Never make a promise you know you can't keep. Good friendship is based on trust - if you break a friend's trust, the friendship may be very hard to salvage. Of course, if you have made a promise and planned to keep it, but circumstances beyond your control conspire to prevent it, let your friend know as soon as you find out. Don't wait until 15 minutes after you were supposed to arrive to call and say, "gee, I'm sorry." Instead, a quick call to say, "Hey, I know I promised to help you with whatever it is, but my mom is telling me we are going to my aunt's for the weekend, and leaving tomorrow just after school - that means I won't be able to make it. I'm so sorry. Can we reschedule?" That's just honoring the fact that your friend is counting on you, and respecting the fact that, given a little notice, your friend might just be able to get someone else to help with whatever it was - or not, whatever. But at least you won't be hanging your friend out to twist in the wind.
Give your friend space. Understand if he/she wants to be alone or hang out with other people. Allow it to happen. There's no need to become clingy or needy. Friendship doesn't require that you always have to be paired together. Allowing one another the time to hang with other friends gives you much-needed breathing room, and allows you to come together fresh and appreciating each other even more.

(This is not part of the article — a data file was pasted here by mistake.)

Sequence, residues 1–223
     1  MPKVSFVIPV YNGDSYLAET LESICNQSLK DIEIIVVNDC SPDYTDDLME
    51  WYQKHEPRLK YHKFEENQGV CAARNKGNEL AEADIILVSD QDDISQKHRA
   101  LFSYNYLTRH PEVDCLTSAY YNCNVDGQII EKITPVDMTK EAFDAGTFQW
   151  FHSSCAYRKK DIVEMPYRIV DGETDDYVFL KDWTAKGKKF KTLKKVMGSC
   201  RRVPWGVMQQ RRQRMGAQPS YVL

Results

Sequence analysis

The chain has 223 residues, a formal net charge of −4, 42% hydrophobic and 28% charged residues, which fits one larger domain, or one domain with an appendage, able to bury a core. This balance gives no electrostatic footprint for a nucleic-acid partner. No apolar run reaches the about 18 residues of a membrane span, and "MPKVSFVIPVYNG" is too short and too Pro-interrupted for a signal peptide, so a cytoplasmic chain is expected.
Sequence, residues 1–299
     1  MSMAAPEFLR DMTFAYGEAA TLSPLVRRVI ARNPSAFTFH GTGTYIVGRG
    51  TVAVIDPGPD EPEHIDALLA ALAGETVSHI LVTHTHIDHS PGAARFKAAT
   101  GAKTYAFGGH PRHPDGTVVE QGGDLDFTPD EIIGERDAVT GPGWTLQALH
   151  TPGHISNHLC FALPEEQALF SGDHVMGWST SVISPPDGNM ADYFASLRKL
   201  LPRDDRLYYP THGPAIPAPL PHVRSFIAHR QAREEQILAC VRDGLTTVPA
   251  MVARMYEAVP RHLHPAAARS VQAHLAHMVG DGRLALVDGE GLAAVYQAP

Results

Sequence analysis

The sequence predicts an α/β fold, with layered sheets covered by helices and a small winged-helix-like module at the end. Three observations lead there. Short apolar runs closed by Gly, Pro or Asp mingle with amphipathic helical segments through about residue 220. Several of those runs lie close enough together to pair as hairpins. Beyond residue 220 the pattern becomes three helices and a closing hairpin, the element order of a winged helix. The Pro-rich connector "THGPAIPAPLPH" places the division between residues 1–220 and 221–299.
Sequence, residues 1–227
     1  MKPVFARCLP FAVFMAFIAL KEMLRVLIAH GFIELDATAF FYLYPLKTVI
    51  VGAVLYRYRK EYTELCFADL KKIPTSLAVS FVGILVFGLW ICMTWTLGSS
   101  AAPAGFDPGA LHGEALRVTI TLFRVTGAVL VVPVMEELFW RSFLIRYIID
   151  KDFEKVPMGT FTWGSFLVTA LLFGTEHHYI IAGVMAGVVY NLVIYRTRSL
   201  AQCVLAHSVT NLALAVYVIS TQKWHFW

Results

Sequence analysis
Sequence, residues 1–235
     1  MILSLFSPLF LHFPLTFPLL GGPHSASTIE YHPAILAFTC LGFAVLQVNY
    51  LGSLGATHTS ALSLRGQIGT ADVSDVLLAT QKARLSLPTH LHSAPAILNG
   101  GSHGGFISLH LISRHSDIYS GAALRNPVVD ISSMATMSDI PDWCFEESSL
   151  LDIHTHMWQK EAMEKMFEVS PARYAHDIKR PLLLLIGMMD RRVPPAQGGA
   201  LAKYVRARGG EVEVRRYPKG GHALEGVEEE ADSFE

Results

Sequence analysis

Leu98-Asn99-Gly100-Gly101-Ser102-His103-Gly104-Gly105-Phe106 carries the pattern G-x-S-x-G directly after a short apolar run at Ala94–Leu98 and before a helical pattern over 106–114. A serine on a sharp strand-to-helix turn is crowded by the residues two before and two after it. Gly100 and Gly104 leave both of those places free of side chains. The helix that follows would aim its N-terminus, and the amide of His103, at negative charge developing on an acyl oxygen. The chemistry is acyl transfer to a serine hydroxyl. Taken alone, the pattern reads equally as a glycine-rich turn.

Give advice, add perspective. Don't judge your friend, but do advise to stay out of dangerous situations where one may harm oneself or others. Tell him/her how you perceive his/her situation, and what you might do in the same circumstances. Don't be offended by one listening to your advice and then deciding to ignore it. Your friend must make his or her own decisions. Avoid saying "You should...". That may feel like you are imposing "shoulds" upon your friend.
Be respectful. Things you and your friend discuss should be treated with care - your friend is not sharing this information with just anyone, and may not want to. She shared it with you - and only you, as far as you know. Example: If your friend doesn't want to name her crush, don't push her into it. If she has named her crush, don't tell anyone else. This is just common courtesy anyone and everyone deserves the expectation that you will keep confidences. Be loyal. If your friend tells you something in confidence, don't talk about it to anyone else. Don't discuss your friend behind his/her back except when it involves the other person, and you won't just make it worse. Nobody likes a gossip or backstabber. Never say anything about your friend that you would not really want to repeat face to face.
Be real. Are you trying to be friends with someone to be accepted into a certain clique, or because you'd like to get to know someone else that he or she knows? That's not friendship, it's opportunism. Every new person you meet has the right to be accepted (or not) on his or her own merits, it's better to just be yourself than let anyone else influence you into being someone you are not. And you should fill their brain with good things. Remember, it's better to be hated for who you are, than to be liked for who you aren't.